Aullwood Audubon Center and Farm, an Audubon Center for environmental education and sustainable agriculture, provides activities that increase understanding and preservation of the planet by children and adults through education, research and recreation. You can read more about Aullwood's Vision, Mission, and Beliefs and see Aullwood's 2015 Annual Report at the bottom of this page under the "Downloadable Resources" heading.
Alexis R. Faust, Executive Director
Sarah Alverson, Environmental Education Specialist
Nicole Conrad, Environmental Education Specialist
Terry Cope, Maintenance Technician
Laurie Cothran, Development and Marketing Manager
Pam Dittner, Farm Building Operator
Ken Fasimpaur, IT Manager
Beth Fuller, Events Assistant
Tom Hissong, Education Manager
Bev Holland, Environmental Education Specialist
Mikell Kloeters, Environmental Education Specialist
Nenita Lapitan, Volunteer Coordinator
Melissa Nicely, Housekeeping
Tara Pitstick, Environmental Education Specialist
Pat Rice, Maintenance Manager
Chris Rowlands, Outreach Environmental Education Specialist
Sue Simmon, Farm Building Operator
Dalynn Sours, Office Assistant
Jennifer Starcher, Farm Assistant
Barbara Trick, Office Manager
Jeff Trick, Farmer
Friends of Aullwood Board, 2016-2017
Keith B. Bowman
John Fabelo, AIA
Kimberly D. Frisco
Scott T. Halleran
W. Chip Herin III
Todd J. Stowe
Julie E. Zink
Alexis R. Faust
Friends of Aullwood Executive Board, 2016-2017
President Pat Turnbull
Vice President W. Chip Herin III
Secretary Amy Petrie
Treasurer Steve Scheid
Decades ago, Marie Aull gave her land to the Miami Valley, creating National Audubon Society's first nature center in the Midwest. Today as visitors explore the Marie S. Aull Education Center, walk the trails and experience Aullwood's sustainable farm, they discover why Aull's gift is a paragon among nature centers. More than 110,000 people of all ages engage in exciting on-site or outreach programs every year. By nourshing familiarity with nature and sustainable agriculture, Aullwood stimulates many visitors to environmental activism.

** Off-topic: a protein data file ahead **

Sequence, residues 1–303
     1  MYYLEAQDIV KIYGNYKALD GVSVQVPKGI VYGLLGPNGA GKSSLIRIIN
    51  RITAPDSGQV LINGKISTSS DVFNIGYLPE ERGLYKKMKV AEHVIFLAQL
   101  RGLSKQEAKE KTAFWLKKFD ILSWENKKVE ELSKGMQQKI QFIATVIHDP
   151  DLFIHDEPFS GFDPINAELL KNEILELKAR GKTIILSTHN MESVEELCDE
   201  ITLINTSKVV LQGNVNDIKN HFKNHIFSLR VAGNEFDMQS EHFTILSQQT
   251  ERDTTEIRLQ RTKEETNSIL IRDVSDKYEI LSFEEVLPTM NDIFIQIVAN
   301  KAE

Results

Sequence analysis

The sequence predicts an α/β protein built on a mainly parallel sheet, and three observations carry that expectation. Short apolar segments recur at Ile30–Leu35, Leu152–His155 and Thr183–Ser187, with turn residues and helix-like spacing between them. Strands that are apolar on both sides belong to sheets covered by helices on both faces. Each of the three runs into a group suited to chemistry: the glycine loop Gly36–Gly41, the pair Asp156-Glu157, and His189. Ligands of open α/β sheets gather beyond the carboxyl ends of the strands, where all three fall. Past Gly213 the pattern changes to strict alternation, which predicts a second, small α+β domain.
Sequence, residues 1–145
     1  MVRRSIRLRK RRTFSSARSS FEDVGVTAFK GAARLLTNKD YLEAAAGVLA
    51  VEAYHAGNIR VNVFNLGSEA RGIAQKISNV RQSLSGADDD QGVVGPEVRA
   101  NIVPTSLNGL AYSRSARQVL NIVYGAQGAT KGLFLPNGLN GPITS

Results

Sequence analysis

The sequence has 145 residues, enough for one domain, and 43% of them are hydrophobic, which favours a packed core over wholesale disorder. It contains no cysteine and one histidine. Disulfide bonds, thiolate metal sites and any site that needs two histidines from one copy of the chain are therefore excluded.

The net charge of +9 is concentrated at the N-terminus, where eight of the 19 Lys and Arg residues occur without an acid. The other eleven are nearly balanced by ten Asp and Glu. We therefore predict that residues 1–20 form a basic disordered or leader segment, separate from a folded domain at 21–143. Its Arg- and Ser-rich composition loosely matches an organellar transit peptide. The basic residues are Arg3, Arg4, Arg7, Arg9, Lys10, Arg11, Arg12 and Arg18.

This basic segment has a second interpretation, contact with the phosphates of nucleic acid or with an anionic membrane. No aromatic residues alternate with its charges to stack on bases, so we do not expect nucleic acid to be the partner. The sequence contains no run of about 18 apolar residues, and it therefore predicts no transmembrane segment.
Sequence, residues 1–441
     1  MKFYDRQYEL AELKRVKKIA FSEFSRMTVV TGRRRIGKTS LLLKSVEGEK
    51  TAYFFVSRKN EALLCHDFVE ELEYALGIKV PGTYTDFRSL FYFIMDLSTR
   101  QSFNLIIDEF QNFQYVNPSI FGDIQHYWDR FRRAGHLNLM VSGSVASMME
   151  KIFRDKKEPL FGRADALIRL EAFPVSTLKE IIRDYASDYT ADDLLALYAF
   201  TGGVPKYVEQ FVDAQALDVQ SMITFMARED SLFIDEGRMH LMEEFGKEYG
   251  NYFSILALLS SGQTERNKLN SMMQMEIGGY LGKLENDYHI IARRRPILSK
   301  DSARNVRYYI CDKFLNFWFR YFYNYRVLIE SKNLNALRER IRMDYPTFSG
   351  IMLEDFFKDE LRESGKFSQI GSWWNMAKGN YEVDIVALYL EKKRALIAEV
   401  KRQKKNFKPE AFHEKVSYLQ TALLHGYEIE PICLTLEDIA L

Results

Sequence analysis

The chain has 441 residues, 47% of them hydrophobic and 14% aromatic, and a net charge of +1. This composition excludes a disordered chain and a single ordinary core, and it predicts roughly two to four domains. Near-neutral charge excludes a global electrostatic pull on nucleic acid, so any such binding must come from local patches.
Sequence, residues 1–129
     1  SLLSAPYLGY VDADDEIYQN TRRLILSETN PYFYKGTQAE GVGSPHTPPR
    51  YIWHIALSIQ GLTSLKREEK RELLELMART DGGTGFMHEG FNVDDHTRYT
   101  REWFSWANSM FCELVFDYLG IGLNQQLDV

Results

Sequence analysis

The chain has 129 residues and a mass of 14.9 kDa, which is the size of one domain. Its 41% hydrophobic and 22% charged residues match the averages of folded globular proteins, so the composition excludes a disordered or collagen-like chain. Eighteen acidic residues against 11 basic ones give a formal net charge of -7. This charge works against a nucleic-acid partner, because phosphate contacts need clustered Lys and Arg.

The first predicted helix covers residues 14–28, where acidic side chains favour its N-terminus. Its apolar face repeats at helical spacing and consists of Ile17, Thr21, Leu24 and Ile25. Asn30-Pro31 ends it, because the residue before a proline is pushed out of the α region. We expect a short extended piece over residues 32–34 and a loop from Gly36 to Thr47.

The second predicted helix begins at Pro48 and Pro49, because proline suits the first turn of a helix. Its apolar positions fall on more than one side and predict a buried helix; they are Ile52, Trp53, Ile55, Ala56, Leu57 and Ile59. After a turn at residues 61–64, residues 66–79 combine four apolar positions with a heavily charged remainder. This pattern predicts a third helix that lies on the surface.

Marie Aull donated 70 acres of land to the National Audubon Society in 1957. She had approached John H. Baker, then President of the National Audubon Society, with the idea of creating the first nature center in the Midwest. Marie Aull had a great love for plants and animals. It was her idea to create a nature sanctuary where teachers and children could learn about plants, animals, and ecological concepts. It was her hope that these children would be taught by trained naturalists: people who were knowledgeable and sensitive to the land. Her intention to create the first nature center in the Midwestern United States, was realized with the opening of the Aullwood Audubon Center. Over 25,000 children received free 90-minute thematic guided programs.
In 1962, the 120 acre Antrim Farm adjacent to Aullwood Audubon Center was placed on the market. Mrs. Aull purchased the farm because proposed development would have drained the springs which fed the creek. The creek flows through the center’s land and even through Mrs. Aull’s garden. Mrs. Aull donated a portion of the land to the National Audubon Society. Mrs. Aull envisioned a children’s farm with livestock which children could see, touch and hear, and fields where they could watch crops grow. She felt it was important for people to understand the importance of the family farm in American culture. This facility was operated independently from the Center with a separate staff and budget. It too offered a variety of 90-minute field trips exploring agricultural life.
In 1978, the center and farm were combined into one operation with one staff. The facility was renamed Aullwood Audubon Center and Farm. In 1979, Friends of Aullwood was incorporated to generate greater community and financial support. In accordance with an agreement formalized between Audubon and Friends of Aullwood, Inc., on September 23, 1986, Friends of Aullwood assumed primary responsibility for funding the operation of Aullwood Audubon Center and Farm from Audubon. In 1989, the 120 acre farm was transferred to the Dayton Foundation, with management by Friends of Aullwood.
In 1995, 150 acres were added to Aullwood’s sanctuary through a long-term lease agreement with the Dayton International Airport. This land was converted in Ohio’s largest restored tallgrass prairie. The prairie is named in honor of retired education coordinator, Paul Knoop Jr. At this time Aullwood is no longer leasing the land from the airport though we are trying to reestablish the lease.
To honor Marie Aull, the new $4.3 million education wing was built in 2000, the year of her 103rd birthday. Marie Aull died August 8, 2002, at the age of 105.
In 2012, the multimillion dollar Charity A. Krueger Farm Discovery Center was completed at Aullwood Farm, putting Aullwood 's educational farm on the cutting edge of sustainable education.
Today, Aullwood's farm, center and sanctuary make it one of the premier Audubon sites in the United States.